"The Tanzanians love to keep animals"
Translation:Watanzania wanapenda kufuga wanyama
It's not wrong. It's the habitual form, and is used to describe things that usually happen. If you in an English sentence could put the word usually in front of the verb, without changing the meaning of the sentence, then you can use the habitual form in Swahili. This is a prime example. If you love to do something, then it is, in almost all cases, fair to say that you usually love to do it.
It's obligatory only for words that refer to humans. If the grammatical object is a thing or an animal it's not required, but often included for clarity. It's also useful if the object is implied or you are refering to something already mentioned. I have aso heard, from second language speakers of Swahili, the object infix omitted even when it refers to humans, but technically it is obligatoryin correct speaking.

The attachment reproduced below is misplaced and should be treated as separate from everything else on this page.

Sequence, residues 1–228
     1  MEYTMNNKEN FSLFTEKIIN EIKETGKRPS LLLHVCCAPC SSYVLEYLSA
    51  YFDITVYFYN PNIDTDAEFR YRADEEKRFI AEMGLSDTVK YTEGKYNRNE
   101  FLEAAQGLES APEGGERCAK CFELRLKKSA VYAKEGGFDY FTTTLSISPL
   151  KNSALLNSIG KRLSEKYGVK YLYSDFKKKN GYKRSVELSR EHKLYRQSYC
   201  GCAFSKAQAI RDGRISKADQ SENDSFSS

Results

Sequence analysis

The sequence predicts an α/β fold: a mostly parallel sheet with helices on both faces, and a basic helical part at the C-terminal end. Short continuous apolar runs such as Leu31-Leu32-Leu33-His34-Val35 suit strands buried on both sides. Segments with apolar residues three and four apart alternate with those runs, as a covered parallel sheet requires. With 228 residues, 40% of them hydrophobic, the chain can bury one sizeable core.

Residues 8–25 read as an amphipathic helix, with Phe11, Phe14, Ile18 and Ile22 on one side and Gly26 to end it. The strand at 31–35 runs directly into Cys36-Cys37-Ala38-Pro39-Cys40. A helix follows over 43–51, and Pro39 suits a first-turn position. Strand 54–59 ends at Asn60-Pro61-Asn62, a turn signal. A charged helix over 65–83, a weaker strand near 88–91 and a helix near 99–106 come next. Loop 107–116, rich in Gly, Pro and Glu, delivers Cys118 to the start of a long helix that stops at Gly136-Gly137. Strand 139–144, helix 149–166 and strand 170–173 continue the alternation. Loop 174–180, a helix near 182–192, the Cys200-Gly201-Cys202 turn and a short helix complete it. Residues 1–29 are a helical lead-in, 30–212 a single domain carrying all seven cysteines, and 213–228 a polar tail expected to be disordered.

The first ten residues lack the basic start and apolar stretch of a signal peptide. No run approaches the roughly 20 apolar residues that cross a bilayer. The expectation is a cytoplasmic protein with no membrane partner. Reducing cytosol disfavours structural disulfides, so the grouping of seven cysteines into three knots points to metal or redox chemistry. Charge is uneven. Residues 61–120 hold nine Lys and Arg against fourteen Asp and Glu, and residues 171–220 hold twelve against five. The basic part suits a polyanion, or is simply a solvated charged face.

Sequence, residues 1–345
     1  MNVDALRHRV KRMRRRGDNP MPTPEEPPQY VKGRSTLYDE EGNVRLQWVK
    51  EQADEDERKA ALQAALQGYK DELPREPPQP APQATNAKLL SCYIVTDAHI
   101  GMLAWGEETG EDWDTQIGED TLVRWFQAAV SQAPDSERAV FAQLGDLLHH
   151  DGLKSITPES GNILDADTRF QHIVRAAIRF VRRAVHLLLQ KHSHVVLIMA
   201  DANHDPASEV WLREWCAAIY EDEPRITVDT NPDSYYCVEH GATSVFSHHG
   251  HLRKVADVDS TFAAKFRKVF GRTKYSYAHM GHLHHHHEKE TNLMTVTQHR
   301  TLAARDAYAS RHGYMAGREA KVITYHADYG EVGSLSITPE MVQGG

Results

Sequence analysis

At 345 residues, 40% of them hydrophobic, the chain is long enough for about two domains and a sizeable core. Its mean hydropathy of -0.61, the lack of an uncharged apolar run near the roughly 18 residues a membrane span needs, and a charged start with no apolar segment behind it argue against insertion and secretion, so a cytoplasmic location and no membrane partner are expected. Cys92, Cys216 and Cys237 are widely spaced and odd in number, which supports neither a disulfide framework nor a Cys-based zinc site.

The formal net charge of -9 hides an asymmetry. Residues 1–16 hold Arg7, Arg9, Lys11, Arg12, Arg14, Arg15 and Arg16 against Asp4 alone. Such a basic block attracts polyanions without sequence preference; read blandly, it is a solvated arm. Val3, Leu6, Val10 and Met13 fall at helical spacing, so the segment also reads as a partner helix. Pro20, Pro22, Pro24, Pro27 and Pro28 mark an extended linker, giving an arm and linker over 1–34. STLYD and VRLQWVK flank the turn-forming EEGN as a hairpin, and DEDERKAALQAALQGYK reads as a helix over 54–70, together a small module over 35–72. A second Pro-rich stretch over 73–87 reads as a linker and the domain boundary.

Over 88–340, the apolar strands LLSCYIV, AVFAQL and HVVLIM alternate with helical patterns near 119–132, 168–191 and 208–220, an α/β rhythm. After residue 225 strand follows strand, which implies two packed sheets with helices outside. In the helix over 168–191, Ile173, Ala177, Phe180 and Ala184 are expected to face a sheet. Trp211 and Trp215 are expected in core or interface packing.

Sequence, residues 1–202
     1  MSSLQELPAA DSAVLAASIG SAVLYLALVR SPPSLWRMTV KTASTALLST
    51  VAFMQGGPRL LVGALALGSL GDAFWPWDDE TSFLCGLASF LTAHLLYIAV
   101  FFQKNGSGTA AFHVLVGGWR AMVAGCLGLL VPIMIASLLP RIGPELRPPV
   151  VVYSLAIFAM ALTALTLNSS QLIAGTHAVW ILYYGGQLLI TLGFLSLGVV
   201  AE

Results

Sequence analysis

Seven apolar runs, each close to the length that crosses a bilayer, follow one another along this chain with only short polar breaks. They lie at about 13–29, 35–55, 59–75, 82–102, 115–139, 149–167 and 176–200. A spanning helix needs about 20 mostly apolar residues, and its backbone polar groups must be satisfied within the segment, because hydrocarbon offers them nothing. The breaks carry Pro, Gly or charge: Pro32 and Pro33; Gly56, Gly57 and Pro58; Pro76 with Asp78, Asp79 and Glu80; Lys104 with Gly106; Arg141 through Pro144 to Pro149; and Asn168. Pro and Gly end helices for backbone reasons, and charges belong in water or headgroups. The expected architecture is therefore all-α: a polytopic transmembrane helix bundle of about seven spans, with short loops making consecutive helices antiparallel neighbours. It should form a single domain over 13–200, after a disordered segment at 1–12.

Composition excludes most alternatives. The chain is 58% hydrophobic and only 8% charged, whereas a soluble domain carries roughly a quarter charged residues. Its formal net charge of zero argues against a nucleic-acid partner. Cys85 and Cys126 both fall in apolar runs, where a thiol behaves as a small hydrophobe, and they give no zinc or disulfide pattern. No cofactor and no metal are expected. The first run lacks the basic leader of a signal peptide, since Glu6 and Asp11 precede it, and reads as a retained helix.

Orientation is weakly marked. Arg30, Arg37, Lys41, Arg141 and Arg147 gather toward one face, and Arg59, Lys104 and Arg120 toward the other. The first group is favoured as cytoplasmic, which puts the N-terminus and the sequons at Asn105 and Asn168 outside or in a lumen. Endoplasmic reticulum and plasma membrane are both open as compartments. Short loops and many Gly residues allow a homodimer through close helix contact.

Wanapendelea? ... I chose the correct option because it was the closest to what i understood but the spelling is wrong. But i think that's new, never saw it spelled that way before
This is the first time in seeing wanyama ... Prior to this the kufuga was suppose to represent "animal"